And so it’s proved. After much political push and shove over the last few weeks, 30 hectares of the 620-hectare plot have now been declared of historical interest by the country’s Central Archaeological Council. This probably means the development will continue, but only after considerable delays, and under the watchful eye of archaeologists.

It would be too easy to create a magical-realist fantasy of the Ancient Greeks counterpunching against the attacks of unrestrained capital. The truth is, even infrastructure projects funded with domestic public money run into the scowling spirits of history.

Thessaloniki’s Metro system, due for completion next year, has proved to be a series of profound accidental excavations – or, in the immortal words of the boss of Attiko Metro A.E., the company in charge of the project, “problems of the past”.

The most wonderful such ‘problem’ to be revealed is the Decumanus Maximus, the main avenue of the Byzantine city – complete with only the world’s second example of a square paved with marble. Add to that hundreds of thousands of artefacts, including incredibly well-preserved jewellery, and you’ve a hell of a haul.

Once again, the solution that everyone has finally agreed on is to emulate the Athens approach – making museums of the new metro stations. (Things have moved on from early suggestions that finds should be removed and stored at an ex-army camp miles from where they were unearthed.)

There are other problems. Government departments have laid off many of their experts, and the number of archaeologists employed at sites of interest has been minimised. Non-profit organisations have had their own financial struggles. All of this has aroused international as well as local concern, a case in point being the U.S. government’s renewal of Memorandums of Understanding with the Greek state in recent years over protection of “cultural property”.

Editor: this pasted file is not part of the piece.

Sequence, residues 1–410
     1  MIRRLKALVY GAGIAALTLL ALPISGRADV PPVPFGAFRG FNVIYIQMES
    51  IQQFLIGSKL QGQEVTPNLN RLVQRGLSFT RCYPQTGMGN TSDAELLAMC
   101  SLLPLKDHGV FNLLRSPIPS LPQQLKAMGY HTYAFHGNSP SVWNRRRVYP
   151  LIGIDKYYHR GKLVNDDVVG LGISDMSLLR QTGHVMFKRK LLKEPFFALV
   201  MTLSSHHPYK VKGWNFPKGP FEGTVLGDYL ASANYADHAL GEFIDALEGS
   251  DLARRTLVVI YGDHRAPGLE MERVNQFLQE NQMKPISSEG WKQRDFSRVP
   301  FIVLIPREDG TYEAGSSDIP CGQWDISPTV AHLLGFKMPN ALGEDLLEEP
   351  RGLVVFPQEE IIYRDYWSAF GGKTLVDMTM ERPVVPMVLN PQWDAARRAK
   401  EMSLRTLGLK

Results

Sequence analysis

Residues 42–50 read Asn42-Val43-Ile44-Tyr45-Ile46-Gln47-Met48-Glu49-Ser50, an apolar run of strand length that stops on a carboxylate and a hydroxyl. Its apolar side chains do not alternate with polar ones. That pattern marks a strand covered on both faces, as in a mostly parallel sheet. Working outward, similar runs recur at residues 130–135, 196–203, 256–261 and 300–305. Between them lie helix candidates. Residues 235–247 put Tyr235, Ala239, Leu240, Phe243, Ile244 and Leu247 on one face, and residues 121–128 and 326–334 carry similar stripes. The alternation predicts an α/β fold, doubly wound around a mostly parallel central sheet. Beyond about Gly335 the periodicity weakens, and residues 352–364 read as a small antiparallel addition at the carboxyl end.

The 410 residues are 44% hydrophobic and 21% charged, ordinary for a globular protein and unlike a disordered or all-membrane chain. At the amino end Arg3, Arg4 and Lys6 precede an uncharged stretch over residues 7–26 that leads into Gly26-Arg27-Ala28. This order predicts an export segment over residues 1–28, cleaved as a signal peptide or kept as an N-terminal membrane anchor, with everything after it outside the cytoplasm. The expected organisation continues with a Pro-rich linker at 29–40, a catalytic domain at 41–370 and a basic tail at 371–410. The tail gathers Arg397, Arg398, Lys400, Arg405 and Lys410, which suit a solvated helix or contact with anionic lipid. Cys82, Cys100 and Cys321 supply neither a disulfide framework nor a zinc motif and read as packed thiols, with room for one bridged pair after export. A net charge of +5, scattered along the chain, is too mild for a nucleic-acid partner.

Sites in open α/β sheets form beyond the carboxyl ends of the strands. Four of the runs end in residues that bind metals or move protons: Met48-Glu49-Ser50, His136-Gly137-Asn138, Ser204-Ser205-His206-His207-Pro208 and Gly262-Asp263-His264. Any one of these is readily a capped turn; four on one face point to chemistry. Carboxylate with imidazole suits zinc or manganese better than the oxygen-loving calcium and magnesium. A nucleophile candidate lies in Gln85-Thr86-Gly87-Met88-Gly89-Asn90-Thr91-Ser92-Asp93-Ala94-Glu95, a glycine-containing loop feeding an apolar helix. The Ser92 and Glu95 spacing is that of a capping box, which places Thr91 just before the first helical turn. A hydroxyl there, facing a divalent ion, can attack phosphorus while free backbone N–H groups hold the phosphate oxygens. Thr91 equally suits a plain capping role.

But cuts in Greece are hardly a new thing: lack of government funding has become almost accepted across society. And when an obvious target for ire recedes, the public often needs to find a new one.

Roman baths in Athens. Image: Gary Hartley.

Archaeologists are increasingly finding themselves to be that target – and in the midst of high-stakes projects, it’s extremely hard to win an argument. If they rush an excavation to allow the quickest possible completion, they’re seen as reckless. If they need more time, they’re blamed for holding up progress. 

Another widely-told but possibly-apocryphal tale illustrates this current problem. During the construction of the Athens Metro, a construction worker was so frustrated by the perceived dawdling of archaeologists that he bought a cheap imitation amphora in a gift shop, smashed it up and scattered the fragments on site. The worthless pieces were painstakingly removed and analysed.

True or not, does this tale really prove any point about archaeologists? Not really. They’re generally a pragmatic bunch, simply wanting to keep relics intact and not get too embroiled in messy public debates.